Creation Time 2, Lectionary Reading for September 19, 2021; Psalm 1
My favourite place in the world is the Giant Cedars Boardwalk in Revelstoke National Park. I’m a bit of a tree nut (ha ha), so walking that short path through the ancient trees is a highlight every time we drive through the mountain parks. Right off the highway, it’s a place of wonder: 500-year-old trees towering overhead, the keystone in a precious ecosystem. Walking in this place feels sacred.
European colonialists saw the forests of the Americas, Africa, and Australia as a commodity. Capitalism asks, “how much money can I make by turning these trees into toilet paper?” But I think even the most hardened capitalist might soften after a quiet half-hour spent under the giant cedars. It’s impossible not to see the connections between living things if you spend time in a forest. At first, you might only notice that a certain kind of fern prefers to live at the base of the younger trees, and that another kind of moss thrives on fallen trees. But the more you look, the more you see. Scientists in the past decade or so have made stunning discoveries about trees and how they communicate, support and protect each other, and interact with other organisms in the forest. Indigenous people in many parts of the world have long understood the importance and sanctity of trees, and western science is just now catching up.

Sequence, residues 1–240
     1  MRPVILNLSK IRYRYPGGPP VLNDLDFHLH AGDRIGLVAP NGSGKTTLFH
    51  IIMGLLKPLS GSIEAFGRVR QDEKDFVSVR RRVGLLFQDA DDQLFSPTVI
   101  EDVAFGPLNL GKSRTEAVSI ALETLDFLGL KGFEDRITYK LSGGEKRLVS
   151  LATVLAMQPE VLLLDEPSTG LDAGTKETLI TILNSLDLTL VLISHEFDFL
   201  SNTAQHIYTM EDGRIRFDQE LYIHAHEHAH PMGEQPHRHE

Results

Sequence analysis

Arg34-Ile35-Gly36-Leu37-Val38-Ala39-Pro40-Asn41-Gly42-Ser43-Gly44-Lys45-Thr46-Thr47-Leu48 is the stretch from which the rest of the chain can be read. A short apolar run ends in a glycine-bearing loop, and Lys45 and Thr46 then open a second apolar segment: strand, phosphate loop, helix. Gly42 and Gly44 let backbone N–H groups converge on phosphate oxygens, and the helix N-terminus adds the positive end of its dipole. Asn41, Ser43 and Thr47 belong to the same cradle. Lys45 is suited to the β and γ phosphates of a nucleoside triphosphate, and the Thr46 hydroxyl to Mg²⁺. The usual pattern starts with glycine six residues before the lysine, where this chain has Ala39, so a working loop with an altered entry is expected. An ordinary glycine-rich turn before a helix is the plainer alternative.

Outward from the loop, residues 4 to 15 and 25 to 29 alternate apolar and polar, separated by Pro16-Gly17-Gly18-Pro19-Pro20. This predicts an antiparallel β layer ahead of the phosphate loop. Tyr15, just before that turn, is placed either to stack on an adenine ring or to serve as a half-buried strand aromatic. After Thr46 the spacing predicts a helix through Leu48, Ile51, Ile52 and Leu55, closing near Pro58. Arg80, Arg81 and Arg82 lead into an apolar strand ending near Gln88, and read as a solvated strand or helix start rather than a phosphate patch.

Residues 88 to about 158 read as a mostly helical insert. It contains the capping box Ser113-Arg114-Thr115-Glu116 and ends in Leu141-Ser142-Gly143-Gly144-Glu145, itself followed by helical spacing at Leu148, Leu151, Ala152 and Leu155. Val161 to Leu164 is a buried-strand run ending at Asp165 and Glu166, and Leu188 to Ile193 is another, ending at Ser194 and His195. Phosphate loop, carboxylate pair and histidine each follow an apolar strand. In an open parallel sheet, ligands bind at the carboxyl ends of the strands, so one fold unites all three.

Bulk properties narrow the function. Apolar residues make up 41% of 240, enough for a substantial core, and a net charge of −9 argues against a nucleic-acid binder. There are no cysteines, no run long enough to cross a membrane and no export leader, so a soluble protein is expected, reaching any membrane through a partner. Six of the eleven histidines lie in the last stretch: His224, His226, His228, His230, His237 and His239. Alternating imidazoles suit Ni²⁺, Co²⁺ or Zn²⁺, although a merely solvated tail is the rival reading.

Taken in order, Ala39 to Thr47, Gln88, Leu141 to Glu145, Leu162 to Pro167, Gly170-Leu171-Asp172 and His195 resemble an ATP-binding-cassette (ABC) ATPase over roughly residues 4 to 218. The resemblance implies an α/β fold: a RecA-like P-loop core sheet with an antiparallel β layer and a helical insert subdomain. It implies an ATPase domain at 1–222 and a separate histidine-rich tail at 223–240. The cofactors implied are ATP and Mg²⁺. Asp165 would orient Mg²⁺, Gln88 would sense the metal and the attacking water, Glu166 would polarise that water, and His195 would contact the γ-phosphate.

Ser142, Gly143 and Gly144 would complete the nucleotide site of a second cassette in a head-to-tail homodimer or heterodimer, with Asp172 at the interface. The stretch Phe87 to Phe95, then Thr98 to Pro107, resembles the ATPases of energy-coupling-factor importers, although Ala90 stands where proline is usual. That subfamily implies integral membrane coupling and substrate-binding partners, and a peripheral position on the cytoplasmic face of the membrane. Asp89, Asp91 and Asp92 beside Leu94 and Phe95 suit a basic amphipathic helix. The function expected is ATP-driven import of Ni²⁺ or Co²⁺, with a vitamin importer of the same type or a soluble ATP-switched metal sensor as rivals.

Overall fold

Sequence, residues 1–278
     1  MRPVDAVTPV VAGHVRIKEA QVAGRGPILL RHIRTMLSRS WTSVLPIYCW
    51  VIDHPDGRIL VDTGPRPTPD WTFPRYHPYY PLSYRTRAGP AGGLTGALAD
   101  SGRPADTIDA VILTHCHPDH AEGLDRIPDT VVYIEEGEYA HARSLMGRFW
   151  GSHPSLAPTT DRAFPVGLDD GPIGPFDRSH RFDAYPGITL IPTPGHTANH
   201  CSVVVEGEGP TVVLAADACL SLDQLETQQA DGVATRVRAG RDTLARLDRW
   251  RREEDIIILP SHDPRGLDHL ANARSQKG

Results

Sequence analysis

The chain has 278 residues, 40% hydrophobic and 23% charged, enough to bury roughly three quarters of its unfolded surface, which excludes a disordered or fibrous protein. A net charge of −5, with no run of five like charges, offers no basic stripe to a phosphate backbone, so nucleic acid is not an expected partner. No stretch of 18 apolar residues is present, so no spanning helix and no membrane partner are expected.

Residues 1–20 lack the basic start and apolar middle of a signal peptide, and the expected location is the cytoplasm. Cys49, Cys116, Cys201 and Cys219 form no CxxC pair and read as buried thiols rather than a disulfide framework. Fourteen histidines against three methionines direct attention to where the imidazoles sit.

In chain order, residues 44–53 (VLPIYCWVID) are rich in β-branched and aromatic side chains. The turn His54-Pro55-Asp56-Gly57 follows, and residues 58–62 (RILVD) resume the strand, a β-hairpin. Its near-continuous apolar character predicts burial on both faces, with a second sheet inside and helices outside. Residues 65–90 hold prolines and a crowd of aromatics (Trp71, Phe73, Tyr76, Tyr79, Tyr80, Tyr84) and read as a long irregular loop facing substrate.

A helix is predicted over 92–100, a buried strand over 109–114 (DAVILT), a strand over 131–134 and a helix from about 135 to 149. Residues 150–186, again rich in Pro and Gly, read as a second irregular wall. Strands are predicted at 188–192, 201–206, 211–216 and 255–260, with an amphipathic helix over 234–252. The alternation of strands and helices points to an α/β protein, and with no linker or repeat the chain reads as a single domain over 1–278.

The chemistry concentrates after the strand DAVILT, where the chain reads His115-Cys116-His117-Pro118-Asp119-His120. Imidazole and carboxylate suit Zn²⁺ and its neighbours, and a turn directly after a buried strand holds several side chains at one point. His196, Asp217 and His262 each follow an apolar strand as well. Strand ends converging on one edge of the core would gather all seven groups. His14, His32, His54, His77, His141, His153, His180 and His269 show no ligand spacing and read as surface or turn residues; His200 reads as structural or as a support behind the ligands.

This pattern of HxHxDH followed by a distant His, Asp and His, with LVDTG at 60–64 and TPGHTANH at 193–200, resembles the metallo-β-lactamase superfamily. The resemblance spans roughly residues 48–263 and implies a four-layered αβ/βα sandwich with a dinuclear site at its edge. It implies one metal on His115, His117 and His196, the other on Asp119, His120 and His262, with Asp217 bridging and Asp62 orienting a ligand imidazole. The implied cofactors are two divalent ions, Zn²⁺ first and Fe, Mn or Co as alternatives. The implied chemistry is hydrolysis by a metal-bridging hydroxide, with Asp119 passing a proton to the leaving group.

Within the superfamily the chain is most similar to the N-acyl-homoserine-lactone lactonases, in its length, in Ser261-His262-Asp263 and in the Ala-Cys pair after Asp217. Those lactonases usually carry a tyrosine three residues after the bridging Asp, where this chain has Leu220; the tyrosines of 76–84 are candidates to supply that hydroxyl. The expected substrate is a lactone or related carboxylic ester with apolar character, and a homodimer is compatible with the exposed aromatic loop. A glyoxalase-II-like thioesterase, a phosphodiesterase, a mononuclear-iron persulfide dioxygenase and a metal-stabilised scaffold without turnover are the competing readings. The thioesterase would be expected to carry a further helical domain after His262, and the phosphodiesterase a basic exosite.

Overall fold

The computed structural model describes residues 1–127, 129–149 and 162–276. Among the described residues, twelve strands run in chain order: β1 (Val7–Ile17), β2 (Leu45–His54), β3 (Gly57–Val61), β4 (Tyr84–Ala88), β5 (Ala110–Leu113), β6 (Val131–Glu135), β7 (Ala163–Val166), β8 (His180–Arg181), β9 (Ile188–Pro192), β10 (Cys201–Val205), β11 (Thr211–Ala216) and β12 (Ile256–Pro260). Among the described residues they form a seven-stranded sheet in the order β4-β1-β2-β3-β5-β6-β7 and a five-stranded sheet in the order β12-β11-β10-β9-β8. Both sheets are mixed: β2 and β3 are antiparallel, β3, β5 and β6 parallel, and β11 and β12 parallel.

The writer of Psalm 1 compares the righteous to a tree planted by streams of water, and the comparison is fitting. When a tree has a generous water source, it thrives and grows strong and fruitful. What’s more, that strong and fruitful tree can share nutrients with other trees further from the stream, via a network of fungal strands in the soil. As children of God, we live and grow near streams of living water. The psalmist encourages us to meditate on the Lord’s law day and night so we may prosper.
If we loved our neighbours like trees love theirs, if we lived as a forest and not just as individual trees looking out for number 1, how would our communities change? Maria Gianferrari’s book Be a Tree shows that we have much to learn from our woody neighbours. We can protect each other, take care of one another, and support the natural world in which we live. This beautiful book teaches readers about the many fascinating things science has discovered about trees and draws parallels to our human lives. It’s a great opportunity to talk about how everything in God’s world is connected to everything else. When we love our neighbour, we nurture those connections and strengthen us all.
Questions to ask before you read:
- What are some things you know about trees?
- What are trees good for?
- What do trees need to be healthy?
Questions to ask after you read:
- How are people like trees?
- How are families like forests? How are churches like forests?
- What do you think it means for people to be planted near streams of water?
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